Surely it all depends on how the families (including the children) view the set up? If all see it as the children having 2 homes, rather than living at one, and visiting the other, then surely the same/similar rules of living could easily be applied?

This is nothing to do with alternative views not being tolerated. More to do with the dad's house automatically being relegated to a place that the dsd 'visits' rather than a second home (I may have missed a lot of back story, and maybe that is the case, but without knowing it to be so, it is a rather irritating assumption to make)

Petal02 Fri 14-Jun-13 18:49:22

I think it just boils down to simple economics: if you stay in a hotel for 2/3 nights per week, then it costs. Not as much as staying there 7 nights per week admittedly, but nevertheless it still costs.

Surely all working adults should pay towards their living costs, even if their parents have split up?

allnewtaketwo Fri 14-Jun-13 18:49:34

"She lives with her mother and visits her father. Is that so hard to understand"

Yet on a thousand other SP threads, I've seen SM's demonised for treating their DSC as "visitors". On the we must say its their home, but yet were demonised for treating as such when actually, apparently, they're visitors

purpleroses Fri 14-Jun-13 18:50:59

I think the only way it could possibly work would be if your DP and his ex agreed between them that she should contribute X amount per week towards food, etc and then split it between them according to how many nights she spends in each place. But from what you say, that's not likely.

It's reasonable in principle that she should contribute p/t costs towards a p/t home but in practice I can't see how you could get it to work. Nevermind whether people on this forum say "you're charging her to visit her dad" - she's going to see it that way herself.

You could try expecting her to contribute more for one offs though - eg if you're getting a takeaway one night, or renting a film, she could pay her share. And I'd certainly expect an adult working child to pay for an alcohol they drink (or put into a house kitty).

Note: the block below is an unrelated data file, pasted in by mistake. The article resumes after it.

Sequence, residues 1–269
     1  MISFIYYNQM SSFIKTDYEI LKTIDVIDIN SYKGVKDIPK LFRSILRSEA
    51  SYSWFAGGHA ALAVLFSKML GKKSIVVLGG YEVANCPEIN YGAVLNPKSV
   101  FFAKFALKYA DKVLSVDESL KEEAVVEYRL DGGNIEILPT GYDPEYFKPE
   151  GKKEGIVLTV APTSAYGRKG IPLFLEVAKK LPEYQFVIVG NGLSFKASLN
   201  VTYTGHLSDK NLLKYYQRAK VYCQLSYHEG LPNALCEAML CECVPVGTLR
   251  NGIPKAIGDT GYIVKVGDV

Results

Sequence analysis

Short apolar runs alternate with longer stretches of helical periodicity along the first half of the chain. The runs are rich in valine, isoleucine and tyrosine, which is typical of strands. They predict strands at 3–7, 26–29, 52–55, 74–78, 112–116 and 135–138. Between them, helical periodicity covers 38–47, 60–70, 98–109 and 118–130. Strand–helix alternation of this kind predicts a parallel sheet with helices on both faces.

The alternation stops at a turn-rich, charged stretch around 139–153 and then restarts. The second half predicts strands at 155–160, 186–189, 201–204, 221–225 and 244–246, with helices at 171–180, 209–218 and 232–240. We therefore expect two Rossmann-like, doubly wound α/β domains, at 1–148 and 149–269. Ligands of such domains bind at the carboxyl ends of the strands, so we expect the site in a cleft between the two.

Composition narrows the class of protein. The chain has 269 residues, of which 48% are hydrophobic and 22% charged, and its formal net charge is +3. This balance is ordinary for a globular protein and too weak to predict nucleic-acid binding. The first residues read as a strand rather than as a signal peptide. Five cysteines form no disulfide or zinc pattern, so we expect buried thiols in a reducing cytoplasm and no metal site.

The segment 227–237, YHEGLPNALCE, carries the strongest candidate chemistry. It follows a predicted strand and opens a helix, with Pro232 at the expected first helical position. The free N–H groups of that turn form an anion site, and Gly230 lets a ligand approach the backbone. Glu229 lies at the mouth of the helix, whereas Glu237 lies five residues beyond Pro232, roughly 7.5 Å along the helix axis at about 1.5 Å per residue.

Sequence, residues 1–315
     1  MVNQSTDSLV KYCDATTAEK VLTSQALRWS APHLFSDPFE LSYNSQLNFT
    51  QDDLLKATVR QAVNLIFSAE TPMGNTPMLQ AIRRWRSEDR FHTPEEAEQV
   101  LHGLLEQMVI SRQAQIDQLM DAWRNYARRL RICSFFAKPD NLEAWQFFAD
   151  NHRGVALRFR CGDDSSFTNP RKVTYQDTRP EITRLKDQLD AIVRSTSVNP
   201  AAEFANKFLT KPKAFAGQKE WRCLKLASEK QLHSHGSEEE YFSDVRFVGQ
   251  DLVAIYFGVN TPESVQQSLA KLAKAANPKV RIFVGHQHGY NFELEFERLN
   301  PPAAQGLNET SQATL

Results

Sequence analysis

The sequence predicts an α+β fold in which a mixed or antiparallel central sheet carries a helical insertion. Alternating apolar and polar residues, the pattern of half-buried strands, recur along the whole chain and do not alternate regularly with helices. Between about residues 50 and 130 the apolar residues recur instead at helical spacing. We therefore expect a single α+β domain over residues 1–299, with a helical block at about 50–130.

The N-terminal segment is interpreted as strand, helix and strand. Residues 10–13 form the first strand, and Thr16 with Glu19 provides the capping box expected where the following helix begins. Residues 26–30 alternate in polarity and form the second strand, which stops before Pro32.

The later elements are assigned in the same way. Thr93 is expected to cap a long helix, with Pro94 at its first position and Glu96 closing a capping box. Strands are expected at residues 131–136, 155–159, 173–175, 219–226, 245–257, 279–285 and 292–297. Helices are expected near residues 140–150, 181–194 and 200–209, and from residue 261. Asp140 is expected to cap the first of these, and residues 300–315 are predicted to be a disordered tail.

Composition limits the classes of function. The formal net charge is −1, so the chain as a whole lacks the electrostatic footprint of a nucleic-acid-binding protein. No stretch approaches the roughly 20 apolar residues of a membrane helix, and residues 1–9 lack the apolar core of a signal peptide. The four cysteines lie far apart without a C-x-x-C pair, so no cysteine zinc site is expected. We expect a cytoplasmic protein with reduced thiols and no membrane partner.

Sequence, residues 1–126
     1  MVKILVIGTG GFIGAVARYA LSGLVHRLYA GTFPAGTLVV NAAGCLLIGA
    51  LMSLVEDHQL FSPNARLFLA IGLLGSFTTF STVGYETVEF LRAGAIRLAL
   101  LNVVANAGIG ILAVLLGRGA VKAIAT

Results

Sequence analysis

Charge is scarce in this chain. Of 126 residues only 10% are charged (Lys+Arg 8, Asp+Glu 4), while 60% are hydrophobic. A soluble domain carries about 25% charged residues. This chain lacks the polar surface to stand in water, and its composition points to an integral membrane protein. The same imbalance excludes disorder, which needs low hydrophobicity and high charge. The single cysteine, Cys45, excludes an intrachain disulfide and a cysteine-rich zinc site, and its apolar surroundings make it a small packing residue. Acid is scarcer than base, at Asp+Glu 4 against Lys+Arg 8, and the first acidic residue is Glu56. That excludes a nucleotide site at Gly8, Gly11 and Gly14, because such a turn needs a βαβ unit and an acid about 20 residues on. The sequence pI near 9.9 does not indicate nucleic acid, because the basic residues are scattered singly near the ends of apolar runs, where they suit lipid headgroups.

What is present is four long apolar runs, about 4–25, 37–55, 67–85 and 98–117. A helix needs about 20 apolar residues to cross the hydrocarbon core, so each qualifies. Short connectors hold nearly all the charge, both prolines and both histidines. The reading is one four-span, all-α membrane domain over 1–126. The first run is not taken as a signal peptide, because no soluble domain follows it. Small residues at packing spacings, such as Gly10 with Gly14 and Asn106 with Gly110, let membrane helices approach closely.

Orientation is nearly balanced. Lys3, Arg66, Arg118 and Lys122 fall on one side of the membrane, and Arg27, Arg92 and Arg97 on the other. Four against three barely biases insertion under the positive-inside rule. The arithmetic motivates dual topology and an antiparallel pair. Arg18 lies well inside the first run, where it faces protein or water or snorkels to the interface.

Does also depend on your own financial situation though I think - there's a stronger case for expecting them to contribute if you would be struggling otherwise, or if you're about to lose child benefit etc which previously paid for their keep. But your DP isn't as presumably he didn't get the benefits - he's actually going to be saving money once any child maintanence stops being paid to his ex for the eldest DC.

Do you think she'll really go on with the rota that much longer? I guess with having younger siblings the older ones do just kind of fall in with the same routines as everyone else unless they have reason not to. My DSD (almost 16) still comes with the others - though she's likely to go to university when she's 18 so I don't think the issue of paying keep will arise for us for a few years.

allnewtaketwo Fri 14-Jun-13 18:51:39

"Here's a suggestion: if you don't want opinions, don't ask for them."

Where, exactly, did the OP say she didn't want opinions. I can only see the first post at 17.22. Can you see a post I've missed soup dragon? Or do you actually think we're all the same person?

runningonwillpower Fri 14-Jun-13 18:51:42

Could this not be worked out between the child's natural parents? They could agree a fair weekly rate and pro-rata it. It definitely would not be fair if the step-daughter ended up paying an excessive rate because the two households could not agree.